The birth of Centenary Lounge

During the early 2000’s I could see a major shift happening in how we shopped, received news and information, communicated with each other and also in general consumer behaviour. The internet was changing all of this at an alarming rate and I knew we had to move quickly. No matter how great a retail business, it would be affected by this change.

In the 90’s my friends and I would meet to go shopping and then invite each other around for a tea or a coffee, whereas mid 2000’s I noticed we wouldn’t meet for shopping but would go out and meet for a coffee. The behaviours were changing and it became evident that hospitality would be one of the reasons we leave our homes for those special experiences but not for retail as much.

With the coffee scene taking off and having a natural infinity with food and drink I went onto search for a concept that is unique and tells a story. Having had leases in railway stations since 2002 I came across an opportunity at the newly restored Grade ll Birmingham Moor St Station where I fell in love with the charming station and the history of the refreshment rooms of the Great Western Railway. After carrying out a lot of research into the 1930’s art deco design especially the techniques and styles used in the cafe interiors by the railways, Centenary Lounge was born in June 2009.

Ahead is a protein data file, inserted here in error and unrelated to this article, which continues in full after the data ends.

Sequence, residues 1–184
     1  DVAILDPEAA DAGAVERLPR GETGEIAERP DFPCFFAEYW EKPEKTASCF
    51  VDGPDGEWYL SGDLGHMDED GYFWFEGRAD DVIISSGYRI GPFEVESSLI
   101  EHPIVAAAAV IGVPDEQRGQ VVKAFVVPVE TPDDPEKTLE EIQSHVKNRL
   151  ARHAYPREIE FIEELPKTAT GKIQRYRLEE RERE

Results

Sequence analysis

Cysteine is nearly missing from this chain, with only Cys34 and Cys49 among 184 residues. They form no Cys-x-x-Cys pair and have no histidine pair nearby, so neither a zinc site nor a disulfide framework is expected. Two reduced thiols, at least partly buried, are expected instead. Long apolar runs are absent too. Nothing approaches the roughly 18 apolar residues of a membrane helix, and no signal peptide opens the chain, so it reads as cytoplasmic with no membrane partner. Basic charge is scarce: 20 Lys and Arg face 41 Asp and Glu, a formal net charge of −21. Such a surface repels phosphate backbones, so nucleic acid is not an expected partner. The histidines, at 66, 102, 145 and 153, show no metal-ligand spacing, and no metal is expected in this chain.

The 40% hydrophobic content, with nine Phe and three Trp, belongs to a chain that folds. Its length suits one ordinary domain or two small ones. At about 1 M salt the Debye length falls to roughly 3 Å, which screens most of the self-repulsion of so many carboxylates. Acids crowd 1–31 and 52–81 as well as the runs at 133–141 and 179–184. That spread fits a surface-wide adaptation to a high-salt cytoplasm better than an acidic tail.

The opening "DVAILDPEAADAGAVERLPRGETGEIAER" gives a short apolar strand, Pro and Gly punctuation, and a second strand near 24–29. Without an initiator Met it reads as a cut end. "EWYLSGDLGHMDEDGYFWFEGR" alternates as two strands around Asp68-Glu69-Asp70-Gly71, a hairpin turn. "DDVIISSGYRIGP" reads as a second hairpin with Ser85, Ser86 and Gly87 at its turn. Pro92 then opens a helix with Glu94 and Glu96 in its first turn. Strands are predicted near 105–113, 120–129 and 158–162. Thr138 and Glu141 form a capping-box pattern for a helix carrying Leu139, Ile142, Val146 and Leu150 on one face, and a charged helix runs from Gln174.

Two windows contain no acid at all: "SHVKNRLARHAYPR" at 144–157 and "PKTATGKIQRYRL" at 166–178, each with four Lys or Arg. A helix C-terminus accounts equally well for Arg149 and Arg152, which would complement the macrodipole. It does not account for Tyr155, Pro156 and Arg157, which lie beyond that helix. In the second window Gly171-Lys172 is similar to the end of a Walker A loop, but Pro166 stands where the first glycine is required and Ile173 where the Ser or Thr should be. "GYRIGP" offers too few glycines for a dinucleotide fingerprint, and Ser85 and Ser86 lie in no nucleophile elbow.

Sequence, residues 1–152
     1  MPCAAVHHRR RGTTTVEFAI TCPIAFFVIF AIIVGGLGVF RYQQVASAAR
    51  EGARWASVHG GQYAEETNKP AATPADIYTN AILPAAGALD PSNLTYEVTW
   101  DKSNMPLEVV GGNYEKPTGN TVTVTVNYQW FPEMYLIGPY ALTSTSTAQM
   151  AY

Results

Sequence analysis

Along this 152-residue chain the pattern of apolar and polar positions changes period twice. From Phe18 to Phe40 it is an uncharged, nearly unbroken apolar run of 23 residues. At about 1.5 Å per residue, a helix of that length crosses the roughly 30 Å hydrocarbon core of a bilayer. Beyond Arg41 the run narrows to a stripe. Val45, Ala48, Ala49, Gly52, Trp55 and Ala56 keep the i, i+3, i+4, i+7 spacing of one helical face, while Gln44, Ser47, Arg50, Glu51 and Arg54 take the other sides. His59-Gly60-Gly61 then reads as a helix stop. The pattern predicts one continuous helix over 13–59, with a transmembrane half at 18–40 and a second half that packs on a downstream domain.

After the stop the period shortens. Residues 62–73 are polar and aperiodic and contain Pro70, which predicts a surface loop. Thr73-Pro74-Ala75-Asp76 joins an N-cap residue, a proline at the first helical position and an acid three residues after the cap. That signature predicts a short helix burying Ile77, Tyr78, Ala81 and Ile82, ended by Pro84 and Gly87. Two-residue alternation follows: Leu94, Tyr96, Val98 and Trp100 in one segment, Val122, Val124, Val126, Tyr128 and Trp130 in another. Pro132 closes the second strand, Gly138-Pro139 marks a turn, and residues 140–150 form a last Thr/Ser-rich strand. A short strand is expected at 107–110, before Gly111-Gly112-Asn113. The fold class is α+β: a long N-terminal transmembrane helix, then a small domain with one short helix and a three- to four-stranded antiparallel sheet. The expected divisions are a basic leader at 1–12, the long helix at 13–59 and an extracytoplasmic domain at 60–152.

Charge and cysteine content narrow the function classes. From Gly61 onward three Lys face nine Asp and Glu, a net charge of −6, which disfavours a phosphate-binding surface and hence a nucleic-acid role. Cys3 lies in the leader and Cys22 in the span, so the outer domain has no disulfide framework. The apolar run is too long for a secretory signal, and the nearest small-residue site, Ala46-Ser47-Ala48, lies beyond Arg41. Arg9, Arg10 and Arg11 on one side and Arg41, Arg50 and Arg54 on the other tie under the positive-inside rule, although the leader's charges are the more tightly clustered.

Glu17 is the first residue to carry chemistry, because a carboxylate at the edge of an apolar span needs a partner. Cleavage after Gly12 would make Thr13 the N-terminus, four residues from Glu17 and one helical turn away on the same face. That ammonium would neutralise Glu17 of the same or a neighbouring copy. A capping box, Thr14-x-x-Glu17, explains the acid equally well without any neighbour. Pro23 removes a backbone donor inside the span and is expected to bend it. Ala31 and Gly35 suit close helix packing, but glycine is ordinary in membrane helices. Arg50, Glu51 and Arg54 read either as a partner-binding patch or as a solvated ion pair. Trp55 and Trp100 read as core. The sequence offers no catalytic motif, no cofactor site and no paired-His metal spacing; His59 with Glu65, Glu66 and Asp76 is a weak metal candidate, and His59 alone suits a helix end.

Growing the business

Our GWR replica crockery used in the refreshment room at the station became a talking point and many customers wished to purchase some for souvenir purposes, some also ‘took them’ which inspired and encouraged us to launch our very own range of GWR branded replica range of giftware called Recreations.